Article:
4 May 2011 | Lindsay Clark
Public sector procurement encourages “suicidal bidding” for infrastructure and building projects, an industry group has claimed.
The Civil Engineering Contractors Association (CECA) said government purchasing processes still award work to the lowest bidder – rather than the supplier who will provide the best value – which encourages firms to offer prices lower than they can afford.
Launching a campaign to improve public procurement, CECA, which represents 330 civil engineering contracting companies, said below-cost tendering was currently rife in the infrastructure sector as less scrupulous contractors bid at less-than-sustainable levels in order to secure business.
“This has obvious detrimental effects for all parts of the industry,” the organisation said. “Clients may find themselves with a contractor resorting to claims or corner-cutting in order to make a margin on the project, or even an insolvent contractor if the ‘suicidal’ bidding acts as its name suggests. The consequences of this could be particularly wide-ranging as employees and suppliers will also go unpaid. Additionally, reputable companies may find themselves forced out of the market.”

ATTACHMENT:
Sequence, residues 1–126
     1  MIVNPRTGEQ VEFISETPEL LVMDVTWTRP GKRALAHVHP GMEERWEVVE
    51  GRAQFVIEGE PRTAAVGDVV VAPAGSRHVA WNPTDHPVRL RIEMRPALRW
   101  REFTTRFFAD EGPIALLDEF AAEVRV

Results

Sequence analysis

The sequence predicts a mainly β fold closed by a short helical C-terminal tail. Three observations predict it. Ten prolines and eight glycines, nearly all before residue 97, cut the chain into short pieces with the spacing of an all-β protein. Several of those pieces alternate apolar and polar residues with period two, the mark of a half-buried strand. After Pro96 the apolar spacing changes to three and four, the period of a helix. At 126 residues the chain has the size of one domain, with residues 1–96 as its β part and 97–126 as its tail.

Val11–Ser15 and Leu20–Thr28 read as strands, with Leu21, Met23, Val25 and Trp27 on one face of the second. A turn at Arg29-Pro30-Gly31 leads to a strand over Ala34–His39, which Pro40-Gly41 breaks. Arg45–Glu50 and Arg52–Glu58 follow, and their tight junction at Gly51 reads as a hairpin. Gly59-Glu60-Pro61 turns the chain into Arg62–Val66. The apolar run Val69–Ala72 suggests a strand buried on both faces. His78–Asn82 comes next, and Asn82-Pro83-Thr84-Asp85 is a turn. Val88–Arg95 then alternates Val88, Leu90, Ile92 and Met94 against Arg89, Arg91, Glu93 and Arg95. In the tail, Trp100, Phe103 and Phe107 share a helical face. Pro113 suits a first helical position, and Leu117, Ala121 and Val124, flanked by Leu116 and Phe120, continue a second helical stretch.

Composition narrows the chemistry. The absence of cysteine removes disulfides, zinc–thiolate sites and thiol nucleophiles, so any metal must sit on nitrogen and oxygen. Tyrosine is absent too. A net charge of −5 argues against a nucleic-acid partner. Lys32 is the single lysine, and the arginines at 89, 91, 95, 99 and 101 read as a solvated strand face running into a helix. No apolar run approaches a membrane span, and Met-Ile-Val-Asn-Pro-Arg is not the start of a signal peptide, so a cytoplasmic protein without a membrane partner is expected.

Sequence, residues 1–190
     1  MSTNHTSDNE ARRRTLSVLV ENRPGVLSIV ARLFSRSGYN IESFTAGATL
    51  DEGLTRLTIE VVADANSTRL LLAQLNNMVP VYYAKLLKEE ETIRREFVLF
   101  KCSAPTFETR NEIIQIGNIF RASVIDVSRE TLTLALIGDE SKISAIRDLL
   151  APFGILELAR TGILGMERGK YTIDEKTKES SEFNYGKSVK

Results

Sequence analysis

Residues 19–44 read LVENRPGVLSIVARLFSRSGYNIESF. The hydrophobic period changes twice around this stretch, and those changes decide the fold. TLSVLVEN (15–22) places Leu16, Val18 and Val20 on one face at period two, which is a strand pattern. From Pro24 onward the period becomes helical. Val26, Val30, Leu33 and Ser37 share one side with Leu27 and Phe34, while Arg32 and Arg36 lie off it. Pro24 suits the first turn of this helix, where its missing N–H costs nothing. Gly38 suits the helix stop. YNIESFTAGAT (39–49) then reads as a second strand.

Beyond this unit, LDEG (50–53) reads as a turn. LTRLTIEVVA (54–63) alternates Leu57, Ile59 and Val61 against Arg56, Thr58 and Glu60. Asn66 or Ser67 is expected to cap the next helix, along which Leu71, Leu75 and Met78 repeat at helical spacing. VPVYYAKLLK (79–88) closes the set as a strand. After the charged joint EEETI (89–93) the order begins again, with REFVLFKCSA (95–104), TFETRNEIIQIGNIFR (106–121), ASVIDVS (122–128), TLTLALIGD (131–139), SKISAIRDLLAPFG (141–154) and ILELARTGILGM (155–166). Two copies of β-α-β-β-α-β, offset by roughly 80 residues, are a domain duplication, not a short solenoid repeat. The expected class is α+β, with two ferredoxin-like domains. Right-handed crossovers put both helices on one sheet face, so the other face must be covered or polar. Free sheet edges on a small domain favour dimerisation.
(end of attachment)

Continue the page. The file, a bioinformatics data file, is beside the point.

CECA has published an action plan - Ten Steps to Smarter Procurement - ahead of the government's proposed reform of construction procurement, expected in June.
Alasdair Reisner, CECA director of external affairs, said: “Clearly there will be options for better management of procurement, starting with more capable and better-trained procurement officers.
“That is not to say they are all bad, some are very good quality, but if you look across the board, there are people procuring in ways that could be done better.”
Together with ending suicide bidding, CECA recommended that procurement could be smarter by:
• Halting stop-start procurement
• Greater visibility of workload
• Standardising pre-qualification processes
• Standardising references
• Creating a ‘new deal’ for frameworks to help regional contractors
• Allowing early contractor involvement
• Limiting tender list sizes
• Improving the quality of tender documentation
• Managing inflation risks